- "The lady said "Ma'am I haven't eaten in two days. Will you please help me?" That was enough for me. She touched my heart," says Greshun De Bouse.
- "We all have heard stories of giving to a so-called homeless person who misuses the funds given, or who becomes enraged if a person offers to buy them a meal rather than give them funds."
- Advocate Greshun says, "They were trying to scam me and now they were holding my belongings hostage."
We all have had this experience at one time or another-a homeless person walks up to you and asks for money, or perhaps is holding a sign requesting food and/or money. Some of us choose to give one, the other, or both compassionately, while others choose to pass them by. Who is right or wrong for whatever decision they make is in the eye of the giver or non-giver.
After all, we all have heard stories of giving to a so-called homeless person who misuses the funds given, or who becomes enraged if a person offers to buy them a meal rather than give them funds. Moreover, there are the biggest scammers who study certain individuals and intentionally seek compassionate hearts who may be willing to fund their every need or desire.
Our beloved Greshun De Bouse, like me, is very compassionate and has a tender heart for helping those in need. However, her tender heart landed her in a predicament with two persons who claimed to be homeless, but she now contends tried to scam her out of at least $650. You will want to hone in on Greshun’s story so this won’t happen to you.
I was communicating with different self-reported homeless persons concerning their views on their COVID susceptibility– considering they are predominantly outside for another interview (see other interview) when a black male-Caucasian female in wheelchair duo walked past and waived. I waived back just in a normal friendly manner, and the guy began shouting “That’s the lady that fed us the other day!” He hurriedly made his way to me with his mate in tow.
If I do something for someone, I do it from the heart, not publicity. I recalled the lady in the wheelchair had approached me three weeks prior as I was about to enter a downtown restaurant to grab lunch while awaiting my dad’s arrival. The lady said “Ma’am I haven’t eaten in two days. Will you please help me?” That was enough for me. She touched my heart. I went in the restaurant and got enough for her and the gentleman to eat, and made sure the restaurant got their food out before mine. I handed her the food, wished them well, and that was it.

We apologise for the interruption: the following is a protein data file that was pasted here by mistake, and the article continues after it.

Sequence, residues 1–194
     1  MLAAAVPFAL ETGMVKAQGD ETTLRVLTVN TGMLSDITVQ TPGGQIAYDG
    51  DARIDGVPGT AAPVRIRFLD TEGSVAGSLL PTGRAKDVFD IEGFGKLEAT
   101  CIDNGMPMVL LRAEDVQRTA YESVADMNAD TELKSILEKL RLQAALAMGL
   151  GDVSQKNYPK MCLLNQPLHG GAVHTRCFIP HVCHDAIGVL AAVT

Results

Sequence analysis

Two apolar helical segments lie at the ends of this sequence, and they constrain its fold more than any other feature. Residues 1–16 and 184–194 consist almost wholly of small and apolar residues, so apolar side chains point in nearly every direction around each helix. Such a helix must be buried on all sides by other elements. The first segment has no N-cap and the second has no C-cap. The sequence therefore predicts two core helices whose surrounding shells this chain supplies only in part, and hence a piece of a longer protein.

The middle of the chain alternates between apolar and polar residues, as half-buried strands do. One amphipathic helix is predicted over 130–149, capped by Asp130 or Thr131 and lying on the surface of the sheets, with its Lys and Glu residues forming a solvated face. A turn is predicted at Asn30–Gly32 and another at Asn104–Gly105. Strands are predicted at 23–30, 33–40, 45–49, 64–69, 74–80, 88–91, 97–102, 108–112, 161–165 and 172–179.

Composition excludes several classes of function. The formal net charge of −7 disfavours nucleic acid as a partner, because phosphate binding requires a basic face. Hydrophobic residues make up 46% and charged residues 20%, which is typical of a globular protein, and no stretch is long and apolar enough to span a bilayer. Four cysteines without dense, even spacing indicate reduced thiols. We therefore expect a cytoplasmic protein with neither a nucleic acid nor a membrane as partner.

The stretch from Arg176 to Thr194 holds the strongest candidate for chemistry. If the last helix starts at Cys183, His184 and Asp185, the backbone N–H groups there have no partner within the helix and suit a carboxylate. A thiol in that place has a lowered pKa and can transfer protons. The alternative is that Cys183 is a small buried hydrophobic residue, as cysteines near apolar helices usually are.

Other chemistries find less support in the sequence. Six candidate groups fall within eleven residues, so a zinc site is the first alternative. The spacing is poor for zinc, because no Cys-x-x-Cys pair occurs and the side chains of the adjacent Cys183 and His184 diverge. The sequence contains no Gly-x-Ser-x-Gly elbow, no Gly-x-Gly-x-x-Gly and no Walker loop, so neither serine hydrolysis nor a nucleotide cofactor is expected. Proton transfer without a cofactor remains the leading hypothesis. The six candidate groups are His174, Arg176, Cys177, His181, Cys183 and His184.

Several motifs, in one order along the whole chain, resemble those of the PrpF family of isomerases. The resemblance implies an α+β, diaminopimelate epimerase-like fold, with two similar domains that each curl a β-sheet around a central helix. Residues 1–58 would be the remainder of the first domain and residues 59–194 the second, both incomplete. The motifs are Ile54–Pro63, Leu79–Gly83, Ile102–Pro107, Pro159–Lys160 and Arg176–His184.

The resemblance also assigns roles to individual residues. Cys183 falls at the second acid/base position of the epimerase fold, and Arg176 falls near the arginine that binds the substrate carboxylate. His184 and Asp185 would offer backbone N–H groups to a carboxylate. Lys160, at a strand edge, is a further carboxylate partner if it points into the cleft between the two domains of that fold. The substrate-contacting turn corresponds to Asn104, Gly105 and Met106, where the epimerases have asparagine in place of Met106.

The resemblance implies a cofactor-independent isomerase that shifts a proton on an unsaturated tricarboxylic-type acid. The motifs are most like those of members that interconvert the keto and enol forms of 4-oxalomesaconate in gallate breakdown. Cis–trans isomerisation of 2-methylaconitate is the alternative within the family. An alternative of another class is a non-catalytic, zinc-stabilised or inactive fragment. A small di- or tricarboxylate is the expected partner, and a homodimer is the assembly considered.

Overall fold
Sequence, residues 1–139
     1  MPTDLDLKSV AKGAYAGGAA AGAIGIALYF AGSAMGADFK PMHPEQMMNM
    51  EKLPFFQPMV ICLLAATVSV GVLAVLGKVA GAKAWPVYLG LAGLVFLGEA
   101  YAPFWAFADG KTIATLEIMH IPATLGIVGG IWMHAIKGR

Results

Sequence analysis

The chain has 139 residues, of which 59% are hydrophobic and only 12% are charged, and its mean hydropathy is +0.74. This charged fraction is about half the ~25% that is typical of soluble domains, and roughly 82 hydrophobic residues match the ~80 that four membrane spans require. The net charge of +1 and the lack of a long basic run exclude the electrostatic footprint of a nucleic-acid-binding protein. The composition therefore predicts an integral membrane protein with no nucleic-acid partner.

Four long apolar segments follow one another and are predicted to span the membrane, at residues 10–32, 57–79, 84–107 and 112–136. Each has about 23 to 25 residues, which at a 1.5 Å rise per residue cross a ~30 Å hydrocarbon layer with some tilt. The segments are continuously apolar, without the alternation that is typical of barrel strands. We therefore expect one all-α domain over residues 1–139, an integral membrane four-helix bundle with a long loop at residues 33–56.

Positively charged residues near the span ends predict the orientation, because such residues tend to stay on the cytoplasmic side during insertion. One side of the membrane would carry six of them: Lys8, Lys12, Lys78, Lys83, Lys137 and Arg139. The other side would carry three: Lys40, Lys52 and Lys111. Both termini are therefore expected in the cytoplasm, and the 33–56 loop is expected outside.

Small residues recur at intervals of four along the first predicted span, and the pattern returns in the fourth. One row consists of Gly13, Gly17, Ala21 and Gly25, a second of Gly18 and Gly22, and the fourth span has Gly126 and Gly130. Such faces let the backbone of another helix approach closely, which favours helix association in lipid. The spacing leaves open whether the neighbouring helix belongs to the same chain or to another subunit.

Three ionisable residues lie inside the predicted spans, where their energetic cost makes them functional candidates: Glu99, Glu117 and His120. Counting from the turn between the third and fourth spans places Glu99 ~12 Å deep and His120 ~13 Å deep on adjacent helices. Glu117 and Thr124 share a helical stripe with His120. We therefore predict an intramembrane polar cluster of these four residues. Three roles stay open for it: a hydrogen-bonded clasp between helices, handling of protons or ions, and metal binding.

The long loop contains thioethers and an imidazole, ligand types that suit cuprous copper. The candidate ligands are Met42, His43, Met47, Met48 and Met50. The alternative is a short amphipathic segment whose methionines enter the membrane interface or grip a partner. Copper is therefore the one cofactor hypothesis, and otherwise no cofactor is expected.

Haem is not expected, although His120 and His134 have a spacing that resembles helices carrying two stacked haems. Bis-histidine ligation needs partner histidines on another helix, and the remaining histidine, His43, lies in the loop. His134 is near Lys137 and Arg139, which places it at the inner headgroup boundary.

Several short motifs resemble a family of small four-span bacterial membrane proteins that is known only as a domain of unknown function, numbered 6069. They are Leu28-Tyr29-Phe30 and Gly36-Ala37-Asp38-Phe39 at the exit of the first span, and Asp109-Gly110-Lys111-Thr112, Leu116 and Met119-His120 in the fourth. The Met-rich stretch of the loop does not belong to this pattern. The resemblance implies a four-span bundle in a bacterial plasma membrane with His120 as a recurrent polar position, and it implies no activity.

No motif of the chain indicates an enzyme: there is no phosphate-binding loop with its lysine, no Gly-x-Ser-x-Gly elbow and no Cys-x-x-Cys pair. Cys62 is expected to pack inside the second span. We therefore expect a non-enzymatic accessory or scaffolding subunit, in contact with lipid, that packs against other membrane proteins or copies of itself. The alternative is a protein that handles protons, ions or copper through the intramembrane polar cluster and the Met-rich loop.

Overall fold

I only told my dad about it because I was so touched by anyone in 2020 in this abundant USA being foodless. Back to present day, the duo immediately began bombarding me with their needs. They informed me that the Shreveport-Bossier Rescue Mission refused to feed them or allow them entry because of COVID, and they were hungry. I found this quite odd as I am aware of the good work the Rescue Mission does not only in Shreveport-Bossier, but also nationwide. They also informed me the Salvation Army wanted them to pay to stay, and the couldn’t afford it, and would not receive them in because of COVID. I thought this a bit unorthodox.
They proceeded to inform me that with Hurricane Laura approaching, they could die without food or shelter because their tent had a hole in it. I felt compassion of course. Then the lady stated she had no ID, but would receive it in two weeks, she is disabled but had not applied for disability, could not get food stamps and more until she got an ID. Then they began asking for money-first $229 for an eight-person tent, $280 for a week’s stay at some Livingston motel, $60 for food, and the rest for miscellaneous which amounted to $650.